Washington (Nov. 8, 2007)—As the U.S. Senate begins consideration of the 2007 farm bill, it is understandable that Senators and America’s farmers and ranchers may feel a little dejavu.
That’s because the Senate will debate a rehash of the unpopular Kind-Flake amendment that was resoundingly defeated 117-309 on the House floor in July. The Senate version will be introduced by Senators Richard Lugar (R-Ind.) and Frank Lautenberg (D-N.J.)
“The Lugar-Lautenberg amendment is repeal dressed up as reform,” said Paul T. Combs, a Missouri rice producer and President of the USA Rice Producers Group. “The amendment repeals the non-recourse loan and phases both direct and countercyclical payments down and out. That’s 100 percent of the safety net eliminated.”
In addition to the elimination of the safety net for producers of wheat, corn, grain sorghum, barley, oats, cotton, rice, soybeans, canola, sunflowers, lentils, chickpeas, peanuts, wool, honey, and producers of other crops, the Lugar-Lautenberg amendment also repeals the safety net for peanut and dairy farmers.
The amendment also hamstrings U.S. sugar farmers as they continue to compete in a world dump sugar market distorted by foreign subsidies and tariffs.
“Whether you produce peanuts in Georgia, milk in Vermont, or sugar in Minnesota, you would lose your safety net under the Lugar-Lautenberg amendment,” said Steve Williams, a Minnesota sugar beet grower and President of the American Sugarbeet Growers Association. “I hope Senators will reject this harmful amendment and support the strong, bipartisan bill that came out of Committee on a unanimous vote.”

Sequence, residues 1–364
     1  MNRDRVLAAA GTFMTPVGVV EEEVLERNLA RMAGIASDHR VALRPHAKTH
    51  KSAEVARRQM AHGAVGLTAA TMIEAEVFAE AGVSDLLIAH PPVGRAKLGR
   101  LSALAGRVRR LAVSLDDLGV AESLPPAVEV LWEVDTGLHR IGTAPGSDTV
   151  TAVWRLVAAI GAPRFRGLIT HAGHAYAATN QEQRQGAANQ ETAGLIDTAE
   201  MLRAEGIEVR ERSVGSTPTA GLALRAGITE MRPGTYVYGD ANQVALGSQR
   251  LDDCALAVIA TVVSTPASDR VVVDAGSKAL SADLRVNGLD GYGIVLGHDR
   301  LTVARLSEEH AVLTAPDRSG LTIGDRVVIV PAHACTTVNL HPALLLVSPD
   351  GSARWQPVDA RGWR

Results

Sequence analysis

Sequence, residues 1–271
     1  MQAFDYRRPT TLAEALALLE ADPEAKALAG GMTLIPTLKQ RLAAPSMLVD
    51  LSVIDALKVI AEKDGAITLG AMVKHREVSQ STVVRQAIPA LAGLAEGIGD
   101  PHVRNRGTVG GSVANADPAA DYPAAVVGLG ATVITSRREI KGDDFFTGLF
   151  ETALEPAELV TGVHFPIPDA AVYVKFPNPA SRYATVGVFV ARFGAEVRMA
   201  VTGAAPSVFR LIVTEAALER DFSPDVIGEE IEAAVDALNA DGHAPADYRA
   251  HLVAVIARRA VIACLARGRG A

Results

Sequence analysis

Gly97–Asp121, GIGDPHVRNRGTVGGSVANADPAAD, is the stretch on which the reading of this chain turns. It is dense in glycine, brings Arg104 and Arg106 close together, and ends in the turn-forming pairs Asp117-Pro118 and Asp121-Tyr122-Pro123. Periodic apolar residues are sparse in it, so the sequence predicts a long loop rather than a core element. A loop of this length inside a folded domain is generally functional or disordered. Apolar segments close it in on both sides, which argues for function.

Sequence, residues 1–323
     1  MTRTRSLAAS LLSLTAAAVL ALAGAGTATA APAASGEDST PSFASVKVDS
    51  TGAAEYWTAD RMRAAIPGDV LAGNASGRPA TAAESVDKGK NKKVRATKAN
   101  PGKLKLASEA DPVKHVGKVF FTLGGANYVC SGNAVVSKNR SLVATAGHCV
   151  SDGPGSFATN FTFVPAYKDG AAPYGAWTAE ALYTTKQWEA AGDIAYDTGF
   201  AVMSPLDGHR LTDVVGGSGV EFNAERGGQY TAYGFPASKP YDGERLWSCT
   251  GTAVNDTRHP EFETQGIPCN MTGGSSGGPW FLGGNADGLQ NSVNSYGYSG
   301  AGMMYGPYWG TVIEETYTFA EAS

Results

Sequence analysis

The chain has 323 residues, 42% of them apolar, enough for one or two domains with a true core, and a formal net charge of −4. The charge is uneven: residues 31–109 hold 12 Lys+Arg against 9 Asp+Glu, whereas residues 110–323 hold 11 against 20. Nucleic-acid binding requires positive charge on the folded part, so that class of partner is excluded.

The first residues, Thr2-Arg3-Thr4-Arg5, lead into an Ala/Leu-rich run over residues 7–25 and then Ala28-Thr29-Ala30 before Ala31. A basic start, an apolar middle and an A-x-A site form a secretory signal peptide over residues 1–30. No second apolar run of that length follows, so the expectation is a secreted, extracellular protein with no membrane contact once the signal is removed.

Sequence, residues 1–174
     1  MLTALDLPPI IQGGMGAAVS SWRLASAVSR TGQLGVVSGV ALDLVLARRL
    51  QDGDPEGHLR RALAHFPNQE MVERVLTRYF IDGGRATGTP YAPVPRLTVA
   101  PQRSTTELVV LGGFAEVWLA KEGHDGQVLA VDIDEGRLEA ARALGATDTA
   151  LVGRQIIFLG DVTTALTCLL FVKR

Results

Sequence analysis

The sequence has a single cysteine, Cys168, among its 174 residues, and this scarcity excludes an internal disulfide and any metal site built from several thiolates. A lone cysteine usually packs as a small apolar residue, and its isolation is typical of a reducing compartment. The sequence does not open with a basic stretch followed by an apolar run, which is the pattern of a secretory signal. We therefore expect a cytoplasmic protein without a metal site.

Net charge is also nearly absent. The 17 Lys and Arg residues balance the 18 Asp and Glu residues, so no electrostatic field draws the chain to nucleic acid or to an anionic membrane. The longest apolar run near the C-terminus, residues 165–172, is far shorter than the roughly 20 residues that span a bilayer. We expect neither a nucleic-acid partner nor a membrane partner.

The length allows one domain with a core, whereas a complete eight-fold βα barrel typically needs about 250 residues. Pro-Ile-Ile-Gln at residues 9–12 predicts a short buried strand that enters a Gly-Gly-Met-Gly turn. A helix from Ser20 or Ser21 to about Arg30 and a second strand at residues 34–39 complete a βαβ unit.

Finally, the Lugar-Lautenberg amendment eviscerates the Federal Crop Insurance Program, exponentially increasing the cost of catastrophic risk protection to producers, while imposing a 30 percent tax on providers and reducing delivery funding by nearly 40 percent.
“Cuts to crop insurance do not just hurt providers, they hurt farmers and ranchers,” said Dee Vaughan, a Texas corn farmer.
“Crop insurance was way too expensive before the 2000 reform bill and you could not get decent coverage,” said Gerald Tumbleson, a corn farmer from Minnesota. “Since the reform bill passed, we have been heading in the right direction but the Lugar-Lautenberg amendment would reverse all of that.”